April 20, 2007 12:00 AM
“The TV Set” takes on prime time TV, and misses
By Ted Mills
Jake Kasdan, son of Lawrence Kasdan (“The Big Chill”), has never gotten a fair shake in Hollywood.
His 1998 film, “Zero Effect,” was originally all but ignored, but has slowly gained a cult following by those lucky enough to have seen it. “Orange County” turned out to be the one Jack Black comedy nobody went to see. And Kasdan directed episodes of the ill-fated but cult-followed “Freaks and Geeks,” before it was cancelled.
Some of his apparent bitterness comes across in “The TV Set,” which takes on prime time TV much like “The Player” or “The Big Picture” took on the studio system.
But maybe “The TV Set” isn’t bitter enough. There’s little rage directed at a system designed to reward mediocrity. Nothing stings as it should, even though all the pieces are in place.
David Duchovny plays Mike, who we meet just as the suits at a Fox-like network gather to consider casting the pilot he is writing and producing. The project is autobiographical, a tale of a young lawyer returning home after his brother commits suicide. And it’s a “dramedy.” Uh-oh.
Mike wants the humor low-key, but the suits, led by Lenny (Sigourney Weaver), want it big and broad. A young British executive (Ioan Gruffudd) brought in to oversee the show and give it a bit of that BBC touch, tries to defend Mike’s choices, as does Mike’s manager, Alice (Judy Greer). When Mike considers digging in his heels over script changes, his wife (Justine Bateman) points to her pregnant belly. They need the money.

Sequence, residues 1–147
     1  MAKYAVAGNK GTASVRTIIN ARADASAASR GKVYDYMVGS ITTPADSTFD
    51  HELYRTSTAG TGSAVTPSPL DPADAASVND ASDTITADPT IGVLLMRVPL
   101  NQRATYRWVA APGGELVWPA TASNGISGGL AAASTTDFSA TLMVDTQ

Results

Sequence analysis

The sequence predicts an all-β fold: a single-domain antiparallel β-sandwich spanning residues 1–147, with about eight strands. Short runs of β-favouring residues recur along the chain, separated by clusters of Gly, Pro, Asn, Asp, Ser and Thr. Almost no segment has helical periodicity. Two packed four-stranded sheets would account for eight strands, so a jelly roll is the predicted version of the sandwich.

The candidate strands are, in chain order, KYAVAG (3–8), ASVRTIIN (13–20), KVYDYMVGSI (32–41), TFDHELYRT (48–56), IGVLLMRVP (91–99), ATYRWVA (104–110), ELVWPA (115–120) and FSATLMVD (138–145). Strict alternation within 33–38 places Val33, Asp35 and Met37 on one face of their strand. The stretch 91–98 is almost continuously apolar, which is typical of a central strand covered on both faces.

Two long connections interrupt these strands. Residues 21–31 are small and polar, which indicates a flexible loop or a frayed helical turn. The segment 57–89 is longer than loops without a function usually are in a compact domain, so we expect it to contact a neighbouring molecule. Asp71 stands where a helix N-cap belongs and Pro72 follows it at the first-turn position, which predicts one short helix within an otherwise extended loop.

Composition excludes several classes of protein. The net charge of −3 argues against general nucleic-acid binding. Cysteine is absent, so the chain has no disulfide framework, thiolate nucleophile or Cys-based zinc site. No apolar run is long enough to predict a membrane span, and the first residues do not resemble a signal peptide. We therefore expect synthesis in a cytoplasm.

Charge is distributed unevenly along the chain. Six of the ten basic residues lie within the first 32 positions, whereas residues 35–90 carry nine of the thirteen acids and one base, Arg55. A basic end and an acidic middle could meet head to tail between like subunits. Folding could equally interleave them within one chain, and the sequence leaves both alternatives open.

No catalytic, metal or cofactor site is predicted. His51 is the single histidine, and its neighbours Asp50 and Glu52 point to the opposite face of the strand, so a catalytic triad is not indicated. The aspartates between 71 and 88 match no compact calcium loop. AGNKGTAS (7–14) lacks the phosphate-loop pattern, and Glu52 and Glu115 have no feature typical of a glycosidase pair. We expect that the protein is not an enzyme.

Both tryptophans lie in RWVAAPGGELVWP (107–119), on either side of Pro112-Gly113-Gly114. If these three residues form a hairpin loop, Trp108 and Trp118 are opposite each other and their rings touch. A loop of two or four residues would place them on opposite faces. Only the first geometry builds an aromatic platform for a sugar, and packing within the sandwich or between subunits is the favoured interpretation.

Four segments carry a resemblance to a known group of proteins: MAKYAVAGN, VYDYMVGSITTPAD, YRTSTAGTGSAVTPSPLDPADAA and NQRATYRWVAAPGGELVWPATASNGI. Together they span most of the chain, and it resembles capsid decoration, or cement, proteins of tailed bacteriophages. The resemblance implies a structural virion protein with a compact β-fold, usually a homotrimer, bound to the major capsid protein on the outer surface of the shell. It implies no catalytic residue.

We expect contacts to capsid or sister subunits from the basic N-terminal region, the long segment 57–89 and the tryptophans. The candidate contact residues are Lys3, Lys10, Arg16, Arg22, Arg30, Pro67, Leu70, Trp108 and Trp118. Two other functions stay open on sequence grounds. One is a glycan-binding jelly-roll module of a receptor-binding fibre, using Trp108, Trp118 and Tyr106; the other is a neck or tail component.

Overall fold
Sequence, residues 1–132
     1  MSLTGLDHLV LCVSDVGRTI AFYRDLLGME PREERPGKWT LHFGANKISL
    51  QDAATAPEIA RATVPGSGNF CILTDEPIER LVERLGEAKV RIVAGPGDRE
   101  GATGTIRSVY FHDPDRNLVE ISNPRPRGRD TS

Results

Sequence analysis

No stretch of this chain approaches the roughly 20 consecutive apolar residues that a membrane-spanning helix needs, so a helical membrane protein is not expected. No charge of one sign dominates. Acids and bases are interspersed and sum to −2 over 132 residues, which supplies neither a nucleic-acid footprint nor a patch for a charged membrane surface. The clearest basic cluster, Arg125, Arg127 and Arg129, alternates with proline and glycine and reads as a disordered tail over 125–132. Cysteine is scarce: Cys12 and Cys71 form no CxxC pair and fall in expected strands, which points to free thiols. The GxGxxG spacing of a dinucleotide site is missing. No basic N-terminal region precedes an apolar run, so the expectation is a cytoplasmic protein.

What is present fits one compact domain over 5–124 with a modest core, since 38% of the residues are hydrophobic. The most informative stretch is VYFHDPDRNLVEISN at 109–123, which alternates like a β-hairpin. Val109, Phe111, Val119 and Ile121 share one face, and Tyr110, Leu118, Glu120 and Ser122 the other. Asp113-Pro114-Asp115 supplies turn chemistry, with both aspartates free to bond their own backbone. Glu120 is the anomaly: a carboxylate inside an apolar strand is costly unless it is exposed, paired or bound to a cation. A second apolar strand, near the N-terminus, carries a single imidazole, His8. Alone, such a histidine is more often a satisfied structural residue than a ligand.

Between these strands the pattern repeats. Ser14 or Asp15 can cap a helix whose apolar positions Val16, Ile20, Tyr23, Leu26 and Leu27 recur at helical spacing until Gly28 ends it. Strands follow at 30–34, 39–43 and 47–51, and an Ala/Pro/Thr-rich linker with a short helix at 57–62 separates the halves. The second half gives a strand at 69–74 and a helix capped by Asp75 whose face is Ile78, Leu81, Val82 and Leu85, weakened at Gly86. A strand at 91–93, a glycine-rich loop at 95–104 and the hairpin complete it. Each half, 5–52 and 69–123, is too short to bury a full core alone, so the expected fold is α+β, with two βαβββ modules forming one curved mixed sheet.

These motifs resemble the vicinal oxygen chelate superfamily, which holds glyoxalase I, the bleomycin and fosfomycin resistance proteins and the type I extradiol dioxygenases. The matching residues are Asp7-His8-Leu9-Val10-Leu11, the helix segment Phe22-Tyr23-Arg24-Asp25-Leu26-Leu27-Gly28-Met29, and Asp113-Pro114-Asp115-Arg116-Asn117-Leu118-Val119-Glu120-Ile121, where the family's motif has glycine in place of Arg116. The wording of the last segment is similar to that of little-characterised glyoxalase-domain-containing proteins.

The opening scene spells out a lot of what’s wrong with the film. Mike’s choice of actor is a nervous, bearded mumbler. But, well, so is Mike. His character is introverted and rarely angry. He stumbles through the film with a series of ailments, including a head cold and a slipped disc.
Instead of garnering sympathy, we look around for characters with more vigor, which is why Greer — among her many comedic roles, the crazy secretary/mistress in “Arrested Development” — steals her scenes, even while portraying a character type we’ve seen in many Hollywood-eats-their-own films.
Fran Kranz also grabs laughs as conceited actor Zach Harper. His character’s best performances come in rehearsal, but once the camera rolls, he chews the scenery. Cameos by Andrea Martin, Willie Garson (”Sex and the City”), and Philip Baker Hall should also be savored.
“The TV Set” doesn’t tell us much we don’t know about the creative bankruptcy of network television, and seeing Greer is just another reminder of how executives have no idea what to do with originality and intelligence (See: the pitch-perfect “Arrested Development,” cancelled after three seasons).
The target audience for this film has probably moved to HBO and DVD rentals anyway. Trouble is, it feels like Kasdan has given up on TV, too. Instead of a brilliant kiss off, his film feels like a resignation letter.